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I'm new to python but I caught on to the basics pretty quick and decided to start trying to make a program while I'm still learning, since I learn best by actually doing things.

So I'm making a program in python that will add polynomials and I need to see if a character from the parser is numeric im using the isdigit() command.

Instead of having to type isdigit() all the time in my code such as n.isdigit(), I want to assign it to a variable t = 'isdigit()' and then type n.t. This doesn't work, so is there an alternative to not typing the whole command?

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3 Answers 3

up vote 2 down vote accepted

While you can start your code with something like t = str.isdigit and then check t(n) (you can't make it an attribute of strings because you can't intercept attribute lookup from the outside), this is actually a pretty bad idea. While it's quicker to type, it is significantly harder to read. This will bite you (or anyone else) working the code in a few weeks from now. This is not because abstracting over unnecessary details is bad (it isn't), this snippet simply isn't complicated enough to benefit from an abstraction. Any readable name for this is at least as long as isidigt, so you can't actually win any readability.

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thanks I decided to use the T(n) thing, and im writing a key to the code so that it doesnt get confusing. –  Nick Oct 6 '12 at 19:10

You'd have to create a custom function or lambda to call the isdigit() method for you, given an instance:

t = lambda n: n.isdigit()

# ...

t(n)  # returns the result of `n.isdigit()`

or you could store a reference to the class method:

t = str.isdigit

# ...

t(n)  # returns the result of `str.isdigit(n)`

as n is of type str.

The syntax n.t always will look up t as an attribute on n, and the local variable t is never consulted for that.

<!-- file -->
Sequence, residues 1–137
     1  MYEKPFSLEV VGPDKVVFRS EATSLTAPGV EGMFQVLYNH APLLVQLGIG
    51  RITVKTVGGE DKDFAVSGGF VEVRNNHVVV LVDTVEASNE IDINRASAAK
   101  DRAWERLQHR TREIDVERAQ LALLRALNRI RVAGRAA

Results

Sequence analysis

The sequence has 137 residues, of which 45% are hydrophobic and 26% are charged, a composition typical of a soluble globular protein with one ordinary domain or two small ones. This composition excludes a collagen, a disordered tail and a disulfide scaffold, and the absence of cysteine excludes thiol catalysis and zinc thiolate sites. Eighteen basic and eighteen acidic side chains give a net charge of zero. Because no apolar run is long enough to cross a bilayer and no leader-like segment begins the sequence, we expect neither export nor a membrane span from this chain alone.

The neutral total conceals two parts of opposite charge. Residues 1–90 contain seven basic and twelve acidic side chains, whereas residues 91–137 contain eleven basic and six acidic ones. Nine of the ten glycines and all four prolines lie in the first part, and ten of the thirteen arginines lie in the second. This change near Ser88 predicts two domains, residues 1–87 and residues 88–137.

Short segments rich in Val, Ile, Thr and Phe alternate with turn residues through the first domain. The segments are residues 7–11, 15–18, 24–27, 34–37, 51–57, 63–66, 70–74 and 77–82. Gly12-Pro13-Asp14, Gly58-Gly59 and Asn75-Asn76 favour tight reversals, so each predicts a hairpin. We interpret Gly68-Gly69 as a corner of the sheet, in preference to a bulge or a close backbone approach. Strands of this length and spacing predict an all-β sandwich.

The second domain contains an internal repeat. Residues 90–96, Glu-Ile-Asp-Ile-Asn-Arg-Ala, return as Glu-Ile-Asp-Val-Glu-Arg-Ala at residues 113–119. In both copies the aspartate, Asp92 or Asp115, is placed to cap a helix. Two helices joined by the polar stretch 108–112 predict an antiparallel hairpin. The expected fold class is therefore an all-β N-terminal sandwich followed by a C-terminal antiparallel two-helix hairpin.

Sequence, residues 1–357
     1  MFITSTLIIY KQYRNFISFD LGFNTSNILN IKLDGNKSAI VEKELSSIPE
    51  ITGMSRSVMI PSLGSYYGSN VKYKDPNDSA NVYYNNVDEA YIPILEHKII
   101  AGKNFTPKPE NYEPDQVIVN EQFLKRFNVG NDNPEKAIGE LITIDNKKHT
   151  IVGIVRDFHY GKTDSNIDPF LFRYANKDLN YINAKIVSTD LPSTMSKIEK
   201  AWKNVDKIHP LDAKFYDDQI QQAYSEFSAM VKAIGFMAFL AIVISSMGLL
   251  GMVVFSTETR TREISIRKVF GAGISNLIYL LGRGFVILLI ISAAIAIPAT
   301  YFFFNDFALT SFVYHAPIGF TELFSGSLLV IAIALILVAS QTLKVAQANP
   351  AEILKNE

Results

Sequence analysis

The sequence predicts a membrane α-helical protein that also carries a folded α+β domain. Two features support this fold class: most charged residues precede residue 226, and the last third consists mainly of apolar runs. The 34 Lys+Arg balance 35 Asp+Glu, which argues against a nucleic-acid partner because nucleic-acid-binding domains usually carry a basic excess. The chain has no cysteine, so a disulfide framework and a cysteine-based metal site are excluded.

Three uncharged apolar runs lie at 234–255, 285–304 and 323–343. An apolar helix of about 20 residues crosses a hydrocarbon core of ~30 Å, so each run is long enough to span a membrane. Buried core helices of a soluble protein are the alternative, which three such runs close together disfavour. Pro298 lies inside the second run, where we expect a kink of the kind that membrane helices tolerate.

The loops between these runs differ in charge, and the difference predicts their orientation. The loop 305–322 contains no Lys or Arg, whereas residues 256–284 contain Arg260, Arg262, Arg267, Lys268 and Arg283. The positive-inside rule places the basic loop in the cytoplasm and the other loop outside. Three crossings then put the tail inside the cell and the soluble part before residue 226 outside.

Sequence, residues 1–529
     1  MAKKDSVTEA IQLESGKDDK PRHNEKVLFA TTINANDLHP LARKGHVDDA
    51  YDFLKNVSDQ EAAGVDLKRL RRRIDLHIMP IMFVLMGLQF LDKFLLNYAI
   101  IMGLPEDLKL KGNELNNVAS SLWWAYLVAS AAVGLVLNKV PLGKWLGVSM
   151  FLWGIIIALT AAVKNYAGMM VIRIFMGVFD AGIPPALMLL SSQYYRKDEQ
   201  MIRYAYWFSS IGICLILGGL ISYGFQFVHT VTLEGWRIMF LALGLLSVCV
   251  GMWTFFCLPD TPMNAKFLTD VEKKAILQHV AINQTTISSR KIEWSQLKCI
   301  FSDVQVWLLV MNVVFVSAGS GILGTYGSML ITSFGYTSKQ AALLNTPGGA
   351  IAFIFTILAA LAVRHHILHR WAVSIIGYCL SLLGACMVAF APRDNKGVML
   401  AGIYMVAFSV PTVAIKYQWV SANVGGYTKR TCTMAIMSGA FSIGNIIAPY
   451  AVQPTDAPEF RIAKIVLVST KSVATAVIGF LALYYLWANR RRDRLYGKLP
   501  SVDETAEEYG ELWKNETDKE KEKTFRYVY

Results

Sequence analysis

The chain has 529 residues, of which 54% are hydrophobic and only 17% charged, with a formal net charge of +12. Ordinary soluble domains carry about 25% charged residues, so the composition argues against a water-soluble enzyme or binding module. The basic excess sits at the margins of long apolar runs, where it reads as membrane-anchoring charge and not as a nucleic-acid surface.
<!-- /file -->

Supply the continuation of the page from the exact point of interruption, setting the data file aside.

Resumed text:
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2  
Or t = str.isdigit, I think. –  DSM Oct 6 '12 at 15:05
    
@DSM: Yes, another option. –  Martijn Pieters Oct 6 '12 at 15:07

You could create a function:

def t(n):
    if n.isdigit():
        return True
    else:
        return False

a = "a5b"
print t(a[1])

I don't know if this is what u were looking for.

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Your definition of t is about four lines too long. –  delnan Oct 6 '12 at 15:24
    
Yes, the question was about shorting the call from "isdigit" to "t" so you can save 6 letters, not shorting the definition of the function, and since he said he is a new to python, i think this is a clearer way. –  eLRuLL Oct 6 '12 at 15:30
    
That's not what I'm talking about. I believe that the clearest definition of t is four lines shorter than your definition. It may not be immediately clear to beginners, but that doesn't mean we should discard the opportunity to teach them something along the way. –  delnan Oct 6 '12 at 15:32
    
So, your alternative could be an improvement, but not immediately clear to beginners, as you said. I think you are right. –  eLRuLL Oct 6 '12 at 15:37

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